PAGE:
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Shrewsbury English Bridge

Also known as, or recorded in historical documents as;
Old Stone Bridge; Monks Bridge; Abbey Bridge; East Bridge

In the civil parish of Shrewsbury.
In the historic county of Shropshire.
Modern Authority of Shropshire.
1974 county of Shropshire.
Medieval County of Shropshire.

OS Map Grid Reference: SJ49611238
Latitude 52.70655° Longitude -2.74766°

Shrewsbury English Bridge has been described as a certain Fortified Bridge.

There are masonry footings remains.

This is a Grade 2* listed building protected by law*.


The predecessor of the English Bridge of 1769-1775 was a medieval structure divided into two distinct sections. The bridge over the main Severn channel from Wyle Cop to Coleham Island was generally known as the Stone Bridge; eastwards, from Coleham Island, over the former eastern channel of the Severn, to Abbey Foregate, it was known as the Monks' Bridge or the Abbey Bridge; the distinction between the two very broadly reflects the respective jurisdictions of the town and the abbey as defined at law in the early 16th century, after a protracted series of disputes. The bridge(s) were almost certainly in place by, but perhaps not long before, 1121, when two charters of Henry I to the abbey refer to the two bridges at Shrewsbury, probably this one and the St George's (Welsh) Bridge; a timber predecessor of Saxon date is highly probable, though there is no supporting evidence, other than the pre-Conquest development of the Foregate suburb. A 19th-century sighting of stone walls in the middle of Wyle Cop suggest that the Stone and Monks' Bridges had a combined length of at least 290 metres (950 feet). A W Ward maintained (p.19) that the Stone Bridge had six arches of varying spans, including the drawbridge, and the Monks' Bridge eleven, though this is probably based on late sources that may underestimate the extent of the structure already buried by encroachment and reclamation at the Wyle Cop end. The last pier on the Stone Bridge towards Coleham Island supported the Stone Gate or East Gate, east of which was the drawbridge. The East Gate, used as a prison, was badly damaged by floodwaters and debris in 1545 (Ward p.20). The drawbridge was replaced by a solid arch in 1732 (Ward p.25). The bridges were demolished in stages between 1769 and c.1772. The part of Coleham Island affected by the work was removed in 1769-72; in 1771-2 the arches of the Abbey Bridge were being demolished, and the channel around and under them infilled with the debris and material from Coleham Island (Ward pp.55, 58). Substantial remains of the Abbey Bridge can be expected to survive beneath the present roadway east of Coleham Head, towards the north side of Abbey Foregate in the area of nos.7-8. Substantial remains have been seen under Coleham Head itself: a 'mass of solid masonry' several feet thick was reported 'exactly opposite the west end of the Congregational {now United Reform} Church in 1897 (Phillips). Substantial remains of the Stone Bridge are likely to survive under the centre of the roadway at the bottom of Wyle Cop, opposite nos. 35-40. A detailed MS plan (?by Thomas Farnolls Pritchard) exists of the bridges at Coleham Island in the 18th century, including the buildings upon it, the site of a possible mill to the north of it, and a section through the roadway at the parish boundary. This was used by Ward to produce a reconstruction plan of the bridge, on which the UAD cartography is in part based.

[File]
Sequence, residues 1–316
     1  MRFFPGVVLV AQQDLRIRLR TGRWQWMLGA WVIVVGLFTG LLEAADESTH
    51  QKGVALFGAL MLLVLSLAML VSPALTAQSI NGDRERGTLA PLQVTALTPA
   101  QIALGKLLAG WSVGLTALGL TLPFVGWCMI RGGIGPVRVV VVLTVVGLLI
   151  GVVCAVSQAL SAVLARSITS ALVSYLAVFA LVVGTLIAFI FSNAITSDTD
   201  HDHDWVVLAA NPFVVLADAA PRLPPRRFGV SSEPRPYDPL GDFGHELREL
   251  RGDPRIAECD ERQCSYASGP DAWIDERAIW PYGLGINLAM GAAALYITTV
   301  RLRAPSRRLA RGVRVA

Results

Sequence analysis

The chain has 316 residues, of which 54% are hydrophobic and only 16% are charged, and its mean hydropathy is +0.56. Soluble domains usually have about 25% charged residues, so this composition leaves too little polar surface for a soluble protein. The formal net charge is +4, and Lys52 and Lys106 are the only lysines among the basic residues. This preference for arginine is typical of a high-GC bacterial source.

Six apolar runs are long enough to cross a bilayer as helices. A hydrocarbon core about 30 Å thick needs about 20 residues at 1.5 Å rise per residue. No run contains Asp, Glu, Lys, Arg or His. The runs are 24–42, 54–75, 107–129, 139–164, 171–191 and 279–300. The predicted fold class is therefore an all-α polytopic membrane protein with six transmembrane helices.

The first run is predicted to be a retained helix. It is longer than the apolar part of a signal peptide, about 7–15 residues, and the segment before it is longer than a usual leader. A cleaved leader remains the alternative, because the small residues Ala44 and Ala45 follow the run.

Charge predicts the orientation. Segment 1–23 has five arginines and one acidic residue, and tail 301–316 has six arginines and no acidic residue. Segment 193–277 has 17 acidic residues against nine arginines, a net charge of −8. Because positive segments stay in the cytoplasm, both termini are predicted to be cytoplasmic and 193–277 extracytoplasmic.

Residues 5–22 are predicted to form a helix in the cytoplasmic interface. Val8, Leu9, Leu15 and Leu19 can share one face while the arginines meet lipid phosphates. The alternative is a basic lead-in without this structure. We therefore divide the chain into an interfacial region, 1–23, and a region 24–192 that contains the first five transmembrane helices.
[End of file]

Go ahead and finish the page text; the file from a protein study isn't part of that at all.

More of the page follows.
Parts of the old bridge structure lie under the current roadway at the bottom of Wyle Cop and may extend southwards as far as the pavement. (Shropshire HER)
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This record last updated 26/07/2017 09:21:30

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